TOKYO (AP) – The chairman of the Tokyo Olympics organizing committee hinted on Friday that even local fans could be banned from venues when the games open in just under two months.
Fans overseas were shut out months ago as being too risky during a pandemic.
The prospect of empty venues at the postponed Olympics became more likely when the Japanese government decided on Friday to extend the state of emergency until June 20, as cases of COVID-19 continue to strain the medical system.
The state of emergency was to be lifted on Monday. The expansion to Tokyo, Osaka and other prefectures raises even more questions whether the Olympics can take place.
Organizers and the IOC insist they will move forward despite polls in Japan showing 60-80% want them canceled.
“We would like to make a decision as soon as possible (on the fans), but once the state of emergency is lifted, we will assess,” Organizing committee chairperson Seiko Hashimoto said in her weekly briefing.
Hashimoto has promised to speak out on local fans by April, and then postpone it to early June. Now the deadline is within a month of the July 23 opening date.
“There are a lot of people who say that for the Olympics we have to run without spectators, although other sports accept spectators,” Hashimoto said. “So we have to keep that in mind. We must prevent local medical services from being affected. We need to take these into consideration before agreeing on the number of spectators.
Cancellation pressure increases daily on Tokyo and the IOC as more questions arise about the risks of bringing 15,000 Olympic and Paralympic athletes from more than 200 countries and territories to Japan, a country that has been largely closed during the pandemic.
The IOC says more than 80% of athletes and staff staying in the Tokyo Bay Olympic Village will be vaccinated. They should largely remain in a bubble in the village and on the sites.
In addition to the athletes, tens of thousands of judges, officials, VIPs, media and broadcasters will also have to enter Japan.
Earlier this week, the New England Journal of Medicine said in a comment: “We believe that the IOC’s determination to host the Olympics is not based on the best scientific evidence. “
He questioned the so-called IOC Playbooks, which set out the rules of the games for athletes, staff, media and others. The final edition will be released next month. Also this week, the Asahi Shimbun – the country’s second largest newspaper – said the Olympics should be canceled.
The British Medical Journal last month also called on organizers to “reconsider” hosting the Olympics in the midst of a pandemic.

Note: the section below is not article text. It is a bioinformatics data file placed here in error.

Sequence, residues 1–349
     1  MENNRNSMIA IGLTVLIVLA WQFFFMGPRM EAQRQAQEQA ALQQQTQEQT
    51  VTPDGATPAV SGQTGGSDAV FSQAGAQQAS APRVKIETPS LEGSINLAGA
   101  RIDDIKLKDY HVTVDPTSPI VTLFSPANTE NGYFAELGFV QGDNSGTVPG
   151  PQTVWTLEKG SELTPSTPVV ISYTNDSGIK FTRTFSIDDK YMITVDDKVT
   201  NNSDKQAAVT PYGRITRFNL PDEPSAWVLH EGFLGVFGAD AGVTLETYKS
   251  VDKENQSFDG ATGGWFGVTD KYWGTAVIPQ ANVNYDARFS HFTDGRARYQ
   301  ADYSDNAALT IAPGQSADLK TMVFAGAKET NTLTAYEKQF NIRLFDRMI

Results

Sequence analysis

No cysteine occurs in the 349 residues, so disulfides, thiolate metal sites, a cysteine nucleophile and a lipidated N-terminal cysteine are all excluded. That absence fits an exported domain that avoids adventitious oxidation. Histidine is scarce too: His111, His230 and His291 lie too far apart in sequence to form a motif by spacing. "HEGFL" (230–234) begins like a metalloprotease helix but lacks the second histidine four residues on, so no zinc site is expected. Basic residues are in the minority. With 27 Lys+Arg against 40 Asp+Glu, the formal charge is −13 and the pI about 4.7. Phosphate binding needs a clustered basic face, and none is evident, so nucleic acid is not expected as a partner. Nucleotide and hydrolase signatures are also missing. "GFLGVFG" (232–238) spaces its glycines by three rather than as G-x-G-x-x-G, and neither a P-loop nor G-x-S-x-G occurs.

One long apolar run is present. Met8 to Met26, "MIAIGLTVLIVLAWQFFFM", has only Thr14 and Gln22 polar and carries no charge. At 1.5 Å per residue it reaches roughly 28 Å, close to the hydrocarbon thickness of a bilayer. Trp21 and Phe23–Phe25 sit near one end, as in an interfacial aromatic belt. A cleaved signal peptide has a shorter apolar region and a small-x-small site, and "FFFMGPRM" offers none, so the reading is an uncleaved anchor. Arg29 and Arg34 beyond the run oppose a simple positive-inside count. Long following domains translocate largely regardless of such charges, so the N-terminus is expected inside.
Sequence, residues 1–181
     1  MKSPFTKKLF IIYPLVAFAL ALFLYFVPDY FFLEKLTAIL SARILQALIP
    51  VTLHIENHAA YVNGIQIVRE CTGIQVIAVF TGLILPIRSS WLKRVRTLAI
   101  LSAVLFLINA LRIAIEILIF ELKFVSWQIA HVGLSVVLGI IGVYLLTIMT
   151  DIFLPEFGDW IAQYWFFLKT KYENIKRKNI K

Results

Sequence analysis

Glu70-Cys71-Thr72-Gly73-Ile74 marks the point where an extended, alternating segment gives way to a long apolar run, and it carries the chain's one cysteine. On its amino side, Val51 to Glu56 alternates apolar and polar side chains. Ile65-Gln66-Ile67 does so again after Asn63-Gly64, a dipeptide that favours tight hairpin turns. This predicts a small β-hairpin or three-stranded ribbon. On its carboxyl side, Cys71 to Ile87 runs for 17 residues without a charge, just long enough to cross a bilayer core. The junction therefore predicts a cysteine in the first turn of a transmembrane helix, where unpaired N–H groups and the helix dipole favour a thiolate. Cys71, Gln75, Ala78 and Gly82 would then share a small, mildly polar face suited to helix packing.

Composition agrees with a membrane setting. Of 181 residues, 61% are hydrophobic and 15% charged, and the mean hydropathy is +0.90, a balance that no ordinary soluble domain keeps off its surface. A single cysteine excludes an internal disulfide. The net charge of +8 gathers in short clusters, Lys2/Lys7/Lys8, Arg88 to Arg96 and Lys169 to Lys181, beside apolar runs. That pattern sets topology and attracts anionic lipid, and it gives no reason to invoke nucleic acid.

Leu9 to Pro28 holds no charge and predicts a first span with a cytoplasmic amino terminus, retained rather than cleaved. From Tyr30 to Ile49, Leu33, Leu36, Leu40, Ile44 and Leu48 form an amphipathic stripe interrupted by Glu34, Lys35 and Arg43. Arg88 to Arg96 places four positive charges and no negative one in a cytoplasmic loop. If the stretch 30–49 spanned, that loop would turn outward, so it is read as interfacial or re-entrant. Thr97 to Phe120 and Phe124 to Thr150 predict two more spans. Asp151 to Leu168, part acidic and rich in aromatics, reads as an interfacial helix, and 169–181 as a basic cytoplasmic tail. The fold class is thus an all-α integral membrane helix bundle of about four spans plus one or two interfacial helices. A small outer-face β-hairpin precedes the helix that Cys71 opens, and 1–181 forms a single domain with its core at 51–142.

On Thursday, the head of a small doctors’ union in Japan warned that holding the Olympics could lead to the spread of variants of the coronavirus. He mentioned strains in India, Britain, South Africa and Brazil.
Japan has attributed around 12,500 deaths to COVID-19, a relatively low number that has steadily increased in recent months. The rollout of vaccination started slowly in Japan, but has accelerated in recent days. People vaccinated are estimated at around 5% of the population.
The IOC, which often cites the World Health Organization as the source of much of its coronavirus information, has repeatedly said the games will take place. It derives about 75% of its revenue from the sale of broadcast rights, estimated at between $ 2 billion and $ 3 billion from Tokyo. This cash flow was slowed down by the postponement.
Japan itself has officially spent $ 15.4 billion or hosted the Olympics, and government audits suggest the figure is even higher.
Senior IOC member Richard Pound told a UK newspaper this week that “except Armageddon” the games will take place. Last week, IOC Vice President John Coates was asked if the Olympics would open, even in a state of emergency.
“Absolutely, yes,” he replied.
IOC President Thomas Bach also said that “everyone in the Olympic community” must make sacrifices to organize the Olympics.
The post was rebuffed by Japanese social and local media, some of which noted that the IOC and the so-called Olympic Family were booked into many five-star hotels in Tokyo during the games.
Hashimoto defended the leadership of the IOC.
“The IOC is determined to organize the games,” she said. “So such a strong will translates into strong words. This is how I feel. “
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